Tag Archives: censor

Censorship, like charity, should begin at home, but, unlike charity, it should end there. — Clare Boothe Luce

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Freedom to Read week begins this year in Canada on February 26th and runs through March 4th. As a librarian, I support the right to intellectual freedom and stand firmly opposed to censorship. As to what is censorship, I find the following definition of what constitutes censorship formed by the American Library Association the most comprehensive and inclusive:

Censorship is the suppression of ideas and information that certain persons—individuals, groups or government officials—find objectionable or dangerous. It is no more complicated than someone saying, “Don’t let anyone read this book, or buy that magazine, or view that film, because I object to it! ” Censors try to use the power of the state to impose their view of what is truthful and appropriate, or offensive and objectionable, on everyone else. Censors pressure public institutions, like libraries, to suppress and remove from public access information they judge inappropriate or dangerous, so that no one else has the chance to read or view the material and make up their own minds about it. The censor wants to prejudge materials for everyone. (American Library Association)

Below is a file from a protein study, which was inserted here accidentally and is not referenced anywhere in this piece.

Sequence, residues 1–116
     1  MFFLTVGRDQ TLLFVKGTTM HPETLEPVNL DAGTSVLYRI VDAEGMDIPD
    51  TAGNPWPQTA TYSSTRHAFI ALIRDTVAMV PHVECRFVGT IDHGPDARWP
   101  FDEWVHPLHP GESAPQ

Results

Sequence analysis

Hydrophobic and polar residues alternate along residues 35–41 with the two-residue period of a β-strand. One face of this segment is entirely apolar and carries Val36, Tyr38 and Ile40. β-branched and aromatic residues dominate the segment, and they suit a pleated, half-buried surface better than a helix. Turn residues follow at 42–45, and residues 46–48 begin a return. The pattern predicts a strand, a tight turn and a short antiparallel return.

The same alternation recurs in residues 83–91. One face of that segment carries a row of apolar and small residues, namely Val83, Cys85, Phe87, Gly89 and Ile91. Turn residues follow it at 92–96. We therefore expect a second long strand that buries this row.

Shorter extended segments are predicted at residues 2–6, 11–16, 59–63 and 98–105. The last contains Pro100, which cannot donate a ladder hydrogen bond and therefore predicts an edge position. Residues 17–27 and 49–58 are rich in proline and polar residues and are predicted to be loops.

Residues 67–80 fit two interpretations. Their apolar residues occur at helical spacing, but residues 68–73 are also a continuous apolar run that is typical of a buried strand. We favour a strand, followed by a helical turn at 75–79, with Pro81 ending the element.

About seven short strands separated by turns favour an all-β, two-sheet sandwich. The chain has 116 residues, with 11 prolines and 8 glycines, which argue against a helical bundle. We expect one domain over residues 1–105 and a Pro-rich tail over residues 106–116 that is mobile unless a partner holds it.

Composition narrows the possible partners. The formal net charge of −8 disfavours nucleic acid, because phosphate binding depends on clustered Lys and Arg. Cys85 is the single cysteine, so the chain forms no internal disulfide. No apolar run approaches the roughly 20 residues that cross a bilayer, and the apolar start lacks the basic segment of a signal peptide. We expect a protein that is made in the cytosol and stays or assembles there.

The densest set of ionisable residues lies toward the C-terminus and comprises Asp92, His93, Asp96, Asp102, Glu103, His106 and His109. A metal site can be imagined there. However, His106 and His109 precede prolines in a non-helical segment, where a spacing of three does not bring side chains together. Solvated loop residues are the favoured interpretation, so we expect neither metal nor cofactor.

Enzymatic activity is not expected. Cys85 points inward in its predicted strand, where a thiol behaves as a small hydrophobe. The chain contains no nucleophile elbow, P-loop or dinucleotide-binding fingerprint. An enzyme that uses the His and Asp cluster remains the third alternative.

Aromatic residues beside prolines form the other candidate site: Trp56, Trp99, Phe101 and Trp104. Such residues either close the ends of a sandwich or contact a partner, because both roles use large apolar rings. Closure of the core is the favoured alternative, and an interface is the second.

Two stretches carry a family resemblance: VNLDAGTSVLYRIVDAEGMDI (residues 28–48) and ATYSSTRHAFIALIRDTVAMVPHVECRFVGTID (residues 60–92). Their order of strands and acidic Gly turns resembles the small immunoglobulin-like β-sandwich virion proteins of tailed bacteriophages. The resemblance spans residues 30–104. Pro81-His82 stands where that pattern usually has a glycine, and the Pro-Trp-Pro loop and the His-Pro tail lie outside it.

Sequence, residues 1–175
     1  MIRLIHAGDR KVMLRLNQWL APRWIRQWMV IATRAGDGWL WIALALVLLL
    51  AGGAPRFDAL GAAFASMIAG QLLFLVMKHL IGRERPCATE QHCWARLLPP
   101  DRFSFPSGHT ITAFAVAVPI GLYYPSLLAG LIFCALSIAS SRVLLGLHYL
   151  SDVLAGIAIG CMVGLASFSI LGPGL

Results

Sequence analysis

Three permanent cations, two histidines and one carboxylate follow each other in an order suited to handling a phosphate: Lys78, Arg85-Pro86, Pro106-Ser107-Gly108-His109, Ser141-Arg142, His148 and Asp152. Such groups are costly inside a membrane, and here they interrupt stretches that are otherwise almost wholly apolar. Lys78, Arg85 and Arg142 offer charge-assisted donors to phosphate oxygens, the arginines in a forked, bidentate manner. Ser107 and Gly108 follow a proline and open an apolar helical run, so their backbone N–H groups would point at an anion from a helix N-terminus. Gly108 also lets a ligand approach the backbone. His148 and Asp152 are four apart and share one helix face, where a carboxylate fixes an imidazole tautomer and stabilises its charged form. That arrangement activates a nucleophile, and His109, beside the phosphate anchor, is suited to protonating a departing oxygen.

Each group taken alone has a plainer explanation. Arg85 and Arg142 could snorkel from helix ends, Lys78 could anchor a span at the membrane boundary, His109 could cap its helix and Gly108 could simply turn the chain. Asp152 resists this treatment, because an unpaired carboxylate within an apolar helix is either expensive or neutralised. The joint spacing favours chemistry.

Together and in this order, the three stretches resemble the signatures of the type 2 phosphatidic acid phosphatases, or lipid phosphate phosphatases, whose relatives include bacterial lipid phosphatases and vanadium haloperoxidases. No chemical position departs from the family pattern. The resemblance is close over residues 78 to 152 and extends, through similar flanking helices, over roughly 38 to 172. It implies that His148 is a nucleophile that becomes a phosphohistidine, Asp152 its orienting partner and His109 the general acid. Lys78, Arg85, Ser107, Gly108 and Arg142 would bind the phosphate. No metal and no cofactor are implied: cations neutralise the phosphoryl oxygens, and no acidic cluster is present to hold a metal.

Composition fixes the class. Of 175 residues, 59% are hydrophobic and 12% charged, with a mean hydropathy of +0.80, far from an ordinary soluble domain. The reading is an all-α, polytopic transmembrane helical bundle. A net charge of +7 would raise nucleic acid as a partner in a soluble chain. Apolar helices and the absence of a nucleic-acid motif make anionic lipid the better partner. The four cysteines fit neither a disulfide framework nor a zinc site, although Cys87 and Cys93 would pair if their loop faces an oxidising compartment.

The key point in this definition is the fact that “the censor wants to prejudge materials for everyone.” Continue reading